Week Ahead: Reflation Trade Accelerates; New Equity Highs On Tap?
- Jobs creation fuels record-setting rally, despite policy implications
- Reflation Trade back on track in almost all-time frames over a yearly period
US stocks extended gains on the final day of last week’s trade, with the Dow Jones and S&P 500 closing at new record highs after Friday’s nonfarm payrolls release provided an upside surprise. The Russell 2000 also closed higher though not at record levels, but the NASDAQ finished lower.
All signs point to the return, in force, of the Reflation Trade in the weeks ahead. Still, the better than anticipated jobs print could also create some negative repercussions—primarily it increases the odds of the Federal Reserve tightening monetary policy sooner rather than later.
More Records Ahead?
Payrolls climbed to 943,000, its biggest increase in almost a year, beating the 870,000 forecast, even after upward revisions in the two prior months. Unemployment dipped to 5.4%, the lowest level seen since the pandemic began. Wages and hours worked remained elevated.
Except for the NASDAQ indices, which slipped—the NASDAQ Composite by 0.4% and the NASDAQ 100 by 0.5%—all remaining key benchmarks finished in the green with the small cap Russell 2000, which lists domestic companies, outperforming, +0.5%. All of which signals the Reflation Trade is back in focus.
As well, when comparing sector performance within the S&P 500, value shares handily beat growth stocks. Financials led the rally, with a 2% acceleration, followed by Materials which rose1.5%; Energy came in third at +0.9%, with Industrials 0.5% in fourth place. Growth stocks—represented by Technology shares which thrived during the height of the pandemic—lagged, down 0.1%; Communication Services shares were flat.
In addition, over the past month and a half, as the Fed moved out its timeline for raising rates, the cyclical rotation has been gaining momentum. We’ve now reached the point where, on most timeframes in 2021, value has outperformed growth.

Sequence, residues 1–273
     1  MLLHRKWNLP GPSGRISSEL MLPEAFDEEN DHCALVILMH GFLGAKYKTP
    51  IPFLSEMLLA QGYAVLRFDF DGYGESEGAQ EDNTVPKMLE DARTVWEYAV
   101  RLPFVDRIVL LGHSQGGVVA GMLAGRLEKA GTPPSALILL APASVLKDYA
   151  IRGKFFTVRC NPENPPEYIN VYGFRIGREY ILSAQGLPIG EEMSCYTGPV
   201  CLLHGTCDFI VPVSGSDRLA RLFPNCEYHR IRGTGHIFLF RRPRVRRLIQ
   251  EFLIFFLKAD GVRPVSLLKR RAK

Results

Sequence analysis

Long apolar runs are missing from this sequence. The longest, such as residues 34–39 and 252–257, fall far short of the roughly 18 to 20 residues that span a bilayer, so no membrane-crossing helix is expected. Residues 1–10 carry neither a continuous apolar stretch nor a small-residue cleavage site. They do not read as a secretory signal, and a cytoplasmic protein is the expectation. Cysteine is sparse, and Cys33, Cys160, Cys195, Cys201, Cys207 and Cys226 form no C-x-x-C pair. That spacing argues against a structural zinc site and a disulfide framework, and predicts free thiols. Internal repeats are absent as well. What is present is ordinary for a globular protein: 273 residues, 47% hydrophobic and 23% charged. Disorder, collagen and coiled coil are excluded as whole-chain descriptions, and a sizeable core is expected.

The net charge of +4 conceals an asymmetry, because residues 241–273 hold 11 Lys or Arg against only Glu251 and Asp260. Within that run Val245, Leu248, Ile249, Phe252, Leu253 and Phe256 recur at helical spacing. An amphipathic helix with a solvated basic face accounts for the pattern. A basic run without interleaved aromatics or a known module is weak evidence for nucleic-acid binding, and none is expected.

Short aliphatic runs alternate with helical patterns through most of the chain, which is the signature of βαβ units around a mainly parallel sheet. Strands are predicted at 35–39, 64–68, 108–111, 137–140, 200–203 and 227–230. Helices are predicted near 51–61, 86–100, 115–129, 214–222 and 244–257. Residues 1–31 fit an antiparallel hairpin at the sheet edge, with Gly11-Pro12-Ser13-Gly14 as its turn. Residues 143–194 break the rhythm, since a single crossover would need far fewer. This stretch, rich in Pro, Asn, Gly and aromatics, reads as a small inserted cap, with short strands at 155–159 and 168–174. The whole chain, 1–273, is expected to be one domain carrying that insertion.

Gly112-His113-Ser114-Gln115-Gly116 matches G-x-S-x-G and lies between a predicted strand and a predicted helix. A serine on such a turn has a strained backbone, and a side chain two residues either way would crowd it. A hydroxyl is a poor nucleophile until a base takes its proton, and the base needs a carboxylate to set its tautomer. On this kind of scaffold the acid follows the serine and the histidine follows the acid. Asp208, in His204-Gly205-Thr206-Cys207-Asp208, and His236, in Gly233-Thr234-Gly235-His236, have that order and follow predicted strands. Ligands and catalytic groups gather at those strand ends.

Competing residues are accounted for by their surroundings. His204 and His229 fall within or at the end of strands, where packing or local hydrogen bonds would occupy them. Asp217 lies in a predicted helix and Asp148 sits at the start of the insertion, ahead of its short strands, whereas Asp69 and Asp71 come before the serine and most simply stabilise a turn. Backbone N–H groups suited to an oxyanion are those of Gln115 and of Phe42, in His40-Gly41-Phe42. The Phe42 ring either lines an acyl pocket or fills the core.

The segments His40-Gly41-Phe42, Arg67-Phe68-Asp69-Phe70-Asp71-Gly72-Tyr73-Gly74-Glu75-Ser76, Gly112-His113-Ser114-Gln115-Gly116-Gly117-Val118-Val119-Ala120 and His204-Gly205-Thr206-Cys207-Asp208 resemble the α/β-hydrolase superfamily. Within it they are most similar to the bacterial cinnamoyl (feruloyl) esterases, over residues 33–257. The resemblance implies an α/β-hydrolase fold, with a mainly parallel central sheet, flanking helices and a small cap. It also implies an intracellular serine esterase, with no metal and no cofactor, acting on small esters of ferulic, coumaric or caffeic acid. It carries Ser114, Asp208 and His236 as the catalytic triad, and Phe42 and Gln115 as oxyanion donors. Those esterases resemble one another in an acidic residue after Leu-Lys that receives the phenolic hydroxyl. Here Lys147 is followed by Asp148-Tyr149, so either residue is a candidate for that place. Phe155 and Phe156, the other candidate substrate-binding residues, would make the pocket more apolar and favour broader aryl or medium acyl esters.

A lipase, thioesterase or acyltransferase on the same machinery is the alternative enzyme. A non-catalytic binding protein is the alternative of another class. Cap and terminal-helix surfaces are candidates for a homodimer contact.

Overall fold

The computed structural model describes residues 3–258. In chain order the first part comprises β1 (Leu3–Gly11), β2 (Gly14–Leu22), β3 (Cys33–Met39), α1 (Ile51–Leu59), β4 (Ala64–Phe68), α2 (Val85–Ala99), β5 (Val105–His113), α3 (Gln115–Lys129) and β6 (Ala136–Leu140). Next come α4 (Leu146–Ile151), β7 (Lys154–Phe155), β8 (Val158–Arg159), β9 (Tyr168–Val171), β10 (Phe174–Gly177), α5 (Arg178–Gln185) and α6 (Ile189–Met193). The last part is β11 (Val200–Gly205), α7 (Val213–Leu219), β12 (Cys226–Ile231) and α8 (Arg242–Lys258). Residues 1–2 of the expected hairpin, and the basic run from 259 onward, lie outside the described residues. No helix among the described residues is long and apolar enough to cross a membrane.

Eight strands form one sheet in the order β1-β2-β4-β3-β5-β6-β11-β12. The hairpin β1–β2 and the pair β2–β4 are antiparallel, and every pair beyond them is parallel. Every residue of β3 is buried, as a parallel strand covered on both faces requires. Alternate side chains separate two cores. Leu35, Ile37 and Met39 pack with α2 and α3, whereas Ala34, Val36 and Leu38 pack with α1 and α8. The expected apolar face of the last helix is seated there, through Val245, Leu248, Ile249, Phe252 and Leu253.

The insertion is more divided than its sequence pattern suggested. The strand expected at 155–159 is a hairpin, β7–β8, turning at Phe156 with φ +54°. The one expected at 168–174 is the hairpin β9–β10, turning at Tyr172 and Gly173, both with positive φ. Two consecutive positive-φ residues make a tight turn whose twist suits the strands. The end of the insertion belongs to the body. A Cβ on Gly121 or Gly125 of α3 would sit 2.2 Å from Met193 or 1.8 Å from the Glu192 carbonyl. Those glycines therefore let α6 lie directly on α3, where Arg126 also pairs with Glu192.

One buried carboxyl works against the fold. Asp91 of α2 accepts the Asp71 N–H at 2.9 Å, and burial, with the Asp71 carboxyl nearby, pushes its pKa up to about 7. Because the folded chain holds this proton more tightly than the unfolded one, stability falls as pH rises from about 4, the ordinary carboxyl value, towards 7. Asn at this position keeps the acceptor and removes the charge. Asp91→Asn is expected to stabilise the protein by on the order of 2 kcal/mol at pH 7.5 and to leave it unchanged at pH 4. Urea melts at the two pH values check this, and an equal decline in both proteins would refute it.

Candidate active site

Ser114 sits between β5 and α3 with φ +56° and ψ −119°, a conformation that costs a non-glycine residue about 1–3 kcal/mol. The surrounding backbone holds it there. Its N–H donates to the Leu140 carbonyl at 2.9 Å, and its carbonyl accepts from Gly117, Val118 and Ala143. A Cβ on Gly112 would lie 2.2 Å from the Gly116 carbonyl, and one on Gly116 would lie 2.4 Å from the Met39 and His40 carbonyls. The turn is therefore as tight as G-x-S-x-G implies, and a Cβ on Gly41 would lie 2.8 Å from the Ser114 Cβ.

On a weekly basis, Financials, the sector that benefits most from interest rate increases, from which lenders derive profits, were up 3.67% for the week, nearly four times that of the performance of Technology shares, which grew just 0.95% during the same period, and nearly eight times that of Communication Services’ 0.51% gain. The latter sector is where such former high-flyers as Google (NASDAQ:GOOGL), Facebook (NASDAQ:FB) and Netflix (NASDAQ:NFLX)—pandemic darlings all—are listed.
Measured on a monthly timeframe, Financials jumped 4.1%, 25% more than Technology’s 2.9% boost and nearly four times that of Communication Services.
It’s important to point out that Energy, another sector that’s sensitive to the economic cycle, fell 6.4% during the last month. However, that was driven by politics rather than a reflecting economy. OPEC+ members failed to reach an agreement on increasing pandemic-level oil production.
While it appears counterintuitive for prices to fall on lower supply, perhaps the idea of a market without leadership scared investors, especially after the instability of the worst global health crisis in a century. Of course, there were other factors, such as a stronger dollar year-to-date.
At this point, the only period of time in 2021 during which technology has dominated is on a three-month basis. The sector is up 12.3% over that timeframe, while Communication Services saw a 6.6% boost. Sectors on the other side of the Reflation Trade were mostly in red, though, Financials added 0.75%. Industrials were down 0.7%, Materials -3.3% and Energy, again mostly due to OPEC+ in-fighting, plummeted 6%.
Year-to-date the Reflation Trade also leads, though this time Energy is the frontrunner, +30.6%, followed by Financials, +28.4%; Industrials +16.9% and Materials +16.2%. The only sectors falling behind by this measure are Technology which ‘only’ advanced 19.1%; Communication Services, which benefited from lockdown restrictions, did better with a 22.7% rally.